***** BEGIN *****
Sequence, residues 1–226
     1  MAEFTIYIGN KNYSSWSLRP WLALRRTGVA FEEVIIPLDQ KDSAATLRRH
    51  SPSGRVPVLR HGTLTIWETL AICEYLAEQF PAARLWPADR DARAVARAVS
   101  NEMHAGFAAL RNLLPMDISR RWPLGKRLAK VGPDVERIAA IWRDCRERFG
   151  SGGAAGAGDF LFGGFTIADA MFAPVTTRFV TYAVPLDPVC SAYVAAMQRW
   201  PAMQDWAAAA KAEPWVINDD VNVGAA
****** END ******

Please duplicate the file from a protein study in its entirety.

Sequence, residues 1–226
     1  MAEFTIYIGN KNYSSWSLRP WLALRRTGVA FEEVIIPLDQ KDSAATLRRH
    51  SPSGRVPVLR HGTLTIWETL AICEYLAEQF PAARLWPADR DARAVARAVS
   101  NEMHAGFAAL RNLLPMDISR RWPLGKRLAK VGPDVERIAA IWRDCRERFG
   151  SGGAAGAGDF LFGGFTIADA MFAPVTTRFV TYAVPLDPVC SAYVAAMQRW
   201  PAMQDWAAAA KAEPWVINDD VNVGAA